‘India-China exchange a model for the 21st century’

Civilisational ties:President Pranab Mukherjee at the Hua Lin Temple in Guangzhou, China, on Wednesday.— PHOTO: PTI  

President Pranab Mukherjee was given a rousing welcome by Chinese officials as he landed in Beijing on the second of a four-day visit to China. Speaking at a reception in Beijing presided over by Chinese Vice-President Li Yuanchan, the President emphasised cultural and people-to-people links as key to expanding relations between the two countries.

Mr. Mukherjee harked back to the past to refer to strong cultural linkages between India and China, including the exchange of knowledge to set the context for the present.

He said that they “should be seen as a model for civilisational contacts and peaceful exchanges in the 21st century”.

Arguing that Indians and Chinese today “rely on borrowed prisms and secondary sources to understand each other”, he emphasised the need for direct exchanges between the civil societies.

Call for FDI

Mr. Li said that both India and China were engaged in the projects of national rejuvenation and domestic reform. China had increased its investment and participation in railway projects and industrial parks in India, he said.

Earlier in the day, Mr. Mukherjee wrapped up his visit to Guangzhou, capital of China’s richest province, Guangdong, by inviting Chinese investors to expand their foreign direct investment in India and to leverage the various flagship initiatives launched by the Indian government such as Make in India, Digital India and the Smart City projects.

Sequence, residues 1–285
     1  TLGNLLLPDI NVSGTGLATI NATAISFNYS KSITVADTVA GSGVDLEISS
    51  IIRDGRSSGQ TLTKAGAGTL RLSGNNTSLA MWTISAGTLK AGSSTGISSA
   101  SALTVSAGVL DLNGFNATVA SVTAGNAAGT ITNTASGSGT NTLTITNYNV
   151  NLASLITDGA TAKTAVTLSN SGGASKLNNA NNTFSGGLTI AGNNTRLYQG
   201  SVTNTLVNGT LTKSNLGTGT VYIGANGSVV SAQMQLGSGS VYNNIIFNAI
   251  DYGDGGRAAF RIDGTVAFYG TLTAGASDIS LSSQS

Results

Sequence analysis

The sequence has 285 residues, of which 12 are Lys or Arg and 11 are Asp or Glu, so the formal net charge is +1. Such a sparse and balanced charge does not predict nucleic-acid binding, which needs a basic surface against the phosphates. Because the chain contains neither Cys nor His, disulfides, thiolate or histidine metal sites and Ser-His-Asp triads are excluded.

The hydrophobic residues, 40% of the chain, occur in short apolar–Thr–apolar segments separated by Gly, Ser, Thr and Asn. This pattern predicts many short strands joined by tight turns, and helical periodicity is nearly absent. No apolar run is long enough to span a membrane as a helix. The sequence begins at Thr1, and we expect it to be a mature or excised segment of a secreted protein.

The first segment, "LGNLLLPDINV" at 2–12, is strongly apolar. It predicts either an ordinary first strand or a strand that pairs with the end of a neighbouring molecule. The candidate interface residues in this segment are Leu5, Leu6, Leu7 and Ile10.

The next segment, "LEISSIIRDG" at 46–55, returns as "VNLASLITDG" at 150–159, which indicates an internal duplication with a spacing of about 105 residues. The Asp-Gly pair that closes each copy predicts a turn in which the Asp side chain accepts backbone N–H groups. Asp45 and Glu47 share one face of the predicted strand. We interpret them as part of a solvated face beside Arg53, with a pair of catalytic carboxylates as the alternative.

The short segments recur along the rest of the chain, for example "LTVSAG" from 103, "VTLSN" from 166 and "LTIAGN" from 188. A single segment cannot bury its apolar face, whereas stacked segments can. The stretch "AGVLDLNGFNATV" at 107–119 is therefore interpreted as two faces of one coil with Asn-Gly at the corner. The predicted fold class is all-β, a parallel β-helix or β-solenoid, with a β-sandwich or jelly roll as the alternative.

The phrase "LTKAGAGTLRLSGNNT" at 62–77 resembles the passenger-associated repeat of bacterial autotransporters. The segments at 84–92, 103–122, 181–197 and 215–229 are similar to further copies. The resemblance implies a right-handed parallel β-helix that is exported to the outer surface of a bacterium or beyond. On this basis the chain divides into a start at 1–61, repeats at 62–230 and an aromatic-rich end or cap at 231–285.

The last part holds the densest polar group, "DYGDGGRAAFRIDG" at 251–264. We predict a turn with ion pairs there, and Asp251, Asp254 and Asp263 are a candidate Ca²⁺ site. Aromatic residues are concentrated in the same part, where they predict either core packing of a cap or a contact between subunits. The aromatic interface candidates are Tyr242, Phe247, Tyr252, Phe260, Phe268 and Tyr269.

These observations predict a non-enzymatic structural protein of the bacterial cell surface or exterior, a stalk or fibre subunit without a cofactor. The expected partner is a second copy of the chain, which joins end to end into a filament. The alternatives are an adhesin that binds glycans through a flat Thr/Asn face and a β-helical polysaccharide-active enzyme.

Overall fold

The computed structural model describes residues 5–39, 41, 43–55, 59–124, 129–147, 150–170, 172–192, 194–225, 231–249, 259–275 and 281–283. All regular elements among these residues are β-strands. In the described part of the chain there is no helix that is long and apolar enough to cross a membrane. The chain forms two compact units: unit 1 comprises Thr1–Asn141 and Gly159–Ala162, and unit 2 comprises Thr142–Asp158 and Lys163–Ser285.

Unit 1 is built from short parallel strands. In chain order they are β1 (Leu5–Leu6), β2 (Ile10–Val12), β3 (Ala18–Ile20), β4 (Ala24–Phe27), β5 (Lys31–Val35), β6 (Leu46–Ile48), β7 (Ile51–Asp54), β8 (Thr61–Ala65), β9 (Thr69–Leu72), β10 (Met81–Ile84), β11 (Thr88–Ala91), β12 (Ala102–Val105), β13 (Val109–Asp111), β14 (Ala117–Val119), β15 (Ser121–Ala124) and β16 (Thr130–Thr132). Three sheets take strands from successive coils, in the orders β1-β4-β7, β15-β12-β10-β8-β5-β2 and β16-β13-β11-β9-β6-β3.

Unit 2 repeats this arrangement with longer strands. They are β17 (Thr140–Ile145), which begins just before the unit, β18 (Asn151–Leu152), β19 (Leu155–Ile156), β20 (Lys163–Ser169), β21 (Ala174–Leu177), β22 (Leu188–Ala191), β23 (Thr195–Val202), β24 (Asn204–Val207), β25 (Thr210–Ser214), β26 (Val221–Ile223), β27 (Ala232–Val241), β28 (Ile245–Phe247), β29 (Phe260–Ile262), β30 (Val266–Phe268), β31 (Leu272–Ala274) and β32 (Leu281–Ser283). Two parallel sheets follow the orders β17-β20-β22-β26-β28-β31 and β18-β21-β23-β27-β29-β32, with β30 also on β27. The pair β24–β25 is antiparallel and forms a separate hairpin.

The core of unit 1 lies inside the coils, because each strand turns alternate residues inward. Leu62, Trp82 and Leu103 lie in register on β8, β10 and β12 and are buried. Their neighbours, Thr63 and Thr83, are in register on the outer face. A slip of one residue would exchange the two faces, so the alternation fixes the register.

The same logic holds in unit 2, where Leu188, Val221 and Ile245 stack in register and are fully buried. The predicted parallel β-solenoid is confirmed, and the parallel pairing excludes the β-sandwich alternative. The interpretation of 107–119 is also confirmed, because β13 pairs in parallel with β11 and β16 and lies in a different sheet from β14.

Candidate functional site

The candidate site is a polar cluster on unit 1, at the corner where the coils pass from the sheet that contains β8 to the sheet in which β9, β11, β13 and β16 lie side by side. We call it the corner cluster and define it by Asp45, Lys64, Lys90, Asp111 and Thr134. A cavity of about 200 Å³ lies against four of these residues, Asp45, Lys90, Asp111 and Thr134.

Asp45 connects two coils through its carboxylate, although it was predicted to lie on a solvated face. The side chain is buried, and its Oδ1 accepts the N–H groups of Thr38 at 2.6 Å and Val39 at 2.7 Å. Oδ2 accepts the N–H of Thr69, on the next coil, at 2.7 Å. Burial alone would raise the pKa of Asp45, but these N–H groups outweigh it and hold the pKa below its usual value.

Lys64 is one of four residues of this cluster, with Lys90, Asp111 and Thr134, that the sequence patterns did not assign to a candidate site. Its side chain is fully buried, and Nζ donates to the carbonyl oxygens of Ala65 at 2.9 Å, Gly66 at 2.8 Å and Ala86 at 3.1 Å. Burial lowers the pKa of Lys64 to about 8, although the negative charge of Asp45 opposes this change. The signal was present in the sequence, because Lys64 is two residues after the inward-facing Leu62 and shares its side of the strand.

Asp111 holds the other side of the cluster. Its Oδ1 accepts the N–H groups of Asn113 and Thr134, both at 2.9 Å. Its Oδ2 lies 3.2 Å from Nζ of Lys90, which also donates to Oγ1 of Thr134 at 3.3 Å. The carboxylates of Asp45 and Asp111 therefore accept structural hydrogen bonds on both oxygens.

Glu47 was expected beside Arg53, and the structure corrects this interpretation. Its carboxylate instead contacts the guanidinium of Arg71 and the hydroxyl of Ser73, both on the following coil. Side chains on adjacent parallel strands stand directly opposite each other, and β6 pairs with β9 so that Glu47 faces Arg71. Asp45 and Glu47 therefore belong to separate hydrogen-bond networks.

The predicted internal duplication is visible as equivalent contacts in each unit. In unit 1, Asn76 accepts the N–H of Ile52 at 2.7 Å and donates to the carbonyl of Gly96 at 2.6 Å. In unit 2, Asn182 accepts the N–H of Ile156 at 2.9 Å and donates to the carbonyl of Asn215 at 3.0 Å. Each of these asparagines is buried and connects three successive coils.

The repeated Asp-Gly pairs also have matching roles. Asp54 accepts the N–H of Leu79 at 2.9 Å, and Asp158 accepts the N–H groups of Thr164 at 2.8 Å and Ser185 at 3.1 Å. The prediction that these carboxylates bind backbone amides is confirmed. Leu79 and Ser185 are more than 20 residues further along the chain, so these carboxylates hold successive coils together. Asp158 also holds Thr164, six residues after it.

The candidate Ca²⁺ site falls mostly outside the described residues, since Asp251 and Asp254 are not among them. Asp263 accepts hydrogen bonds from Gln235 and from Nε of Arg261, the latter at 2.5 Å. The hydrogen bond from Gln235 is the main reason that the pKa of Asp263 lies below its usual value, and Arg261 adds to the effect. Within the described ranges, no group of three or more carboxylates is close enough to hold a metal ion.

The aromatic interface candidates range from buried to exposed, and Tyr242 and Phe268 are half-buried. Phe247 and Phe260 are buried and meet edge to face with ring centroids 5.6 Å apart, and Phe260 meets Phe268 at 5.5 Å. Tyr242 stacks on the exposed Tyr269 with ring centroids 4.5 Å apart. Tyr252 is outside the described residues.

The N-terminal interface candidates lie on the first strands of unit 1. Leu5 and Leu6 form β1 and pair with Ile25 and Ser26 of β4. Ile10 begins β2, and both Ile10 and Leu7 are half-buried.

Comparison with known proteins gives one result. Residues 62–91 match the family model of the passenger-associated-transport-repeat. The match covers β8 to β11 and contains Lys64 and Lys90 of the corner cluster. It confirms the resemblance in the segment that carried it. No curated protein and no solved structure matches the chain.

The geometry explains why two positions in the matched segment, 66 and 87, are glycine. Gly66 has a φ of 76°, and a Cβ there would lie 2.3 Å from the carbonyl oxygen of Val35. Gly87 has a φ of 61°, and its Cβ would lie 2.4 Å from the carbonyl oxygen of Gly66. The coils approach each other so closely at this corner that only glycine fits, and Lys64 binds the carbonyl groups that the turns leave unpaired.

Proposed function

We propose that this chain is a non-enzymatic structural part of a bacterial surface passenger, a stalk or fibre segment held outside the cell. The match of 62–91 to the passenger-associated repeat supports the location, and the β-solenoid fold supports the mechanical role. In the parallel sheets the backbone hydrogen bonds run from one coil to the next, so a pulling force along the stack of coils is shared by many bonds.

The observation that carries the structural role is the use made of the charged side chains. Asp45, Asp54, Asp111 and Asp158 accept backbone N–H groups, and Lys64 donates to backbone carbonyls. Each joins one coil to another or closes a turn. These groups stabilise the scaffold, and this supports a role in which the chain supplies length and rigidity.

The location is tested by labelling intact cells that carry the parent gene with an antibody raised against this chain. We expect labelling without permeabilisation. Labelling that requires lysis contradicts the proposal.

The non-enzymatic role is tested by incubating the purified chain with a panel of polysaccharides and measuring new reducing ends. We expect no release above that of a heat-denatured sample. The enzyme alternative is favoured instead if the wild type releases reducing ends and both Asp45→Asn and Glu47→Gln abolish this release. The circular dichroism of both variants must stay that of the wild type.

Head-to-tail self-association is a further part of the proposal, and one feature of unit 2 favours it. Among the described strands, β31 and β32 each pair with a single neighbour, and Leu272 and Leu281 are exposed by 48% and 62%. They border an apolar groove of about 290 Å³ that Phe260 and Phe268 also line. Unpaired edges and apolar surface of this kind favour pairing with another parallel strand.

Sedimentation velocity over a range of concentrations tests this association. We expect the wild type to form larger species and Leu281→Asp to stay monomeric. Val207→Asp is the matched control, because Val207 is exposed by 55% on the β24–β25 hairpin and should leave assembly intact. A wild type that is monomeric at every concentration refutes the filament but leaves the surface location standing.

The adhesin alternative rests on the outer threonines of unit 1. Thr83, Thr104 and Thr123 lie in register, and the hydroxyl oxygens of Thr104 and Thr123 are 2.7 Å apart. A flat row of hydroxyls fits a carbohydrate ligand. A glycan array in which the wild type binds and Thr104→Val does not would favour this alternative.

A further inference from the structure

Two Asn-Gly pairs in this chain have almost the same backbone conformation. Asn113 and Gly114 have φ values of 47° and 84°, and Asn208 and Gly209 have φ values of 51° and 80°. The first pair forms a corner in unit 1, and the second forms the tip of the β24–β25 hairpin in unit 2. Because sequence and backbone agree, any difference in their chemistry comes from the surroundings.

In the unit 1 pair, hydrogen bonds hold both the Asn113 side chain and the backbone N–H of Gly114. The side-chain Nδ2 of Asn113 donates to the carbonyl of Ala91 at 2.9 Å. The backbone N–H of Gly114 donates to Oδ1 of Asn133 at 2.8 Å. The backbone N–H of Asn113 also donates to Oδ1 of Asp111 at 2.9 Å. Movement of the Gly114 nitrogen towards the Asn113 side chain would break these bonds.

He was addressing a China-India business forum that comprised representatives from the Indian and Chinese business community and the Governor of Guangdong province, Zhu Xiaodan.

Trade deficit

While the trade deficit between the two countries was a concern, “India would like to see a greater market for our products … in IT and IT-related services, pharmaceuticals and drugs and agro-products... in China”, he said.

Following the speech, Mr. Mukherjee visited the historic Hua Lin temple — believed to have been built after the arrival of Indian monk Bodhidharma in the sixth century.

He later met the Communist Party of China’s party secretary for the Guangdong province Hu Chunhua at a lunch meeting. Broadly three issues were discussed: economic ties and issues related to trade and investment; cultural relations; and China’s federal system.

Mr. Hu told Mr. Mukherjee that Guangdong had increasingly become a major port of call for Indian traders and businesspeople and that after Japan and South Korea, Indians comprised the third largest business community in the province.

He added that he was confident about greater engagement and enhancement of ties between Guangdong and India. Initiatives such as sister-province relationship, for example between Gujarat and Guangdong which was established in 2014, were also discussed in the meeting.

The two countries rely on borrowed prisms to understand each other, says President Mukherjee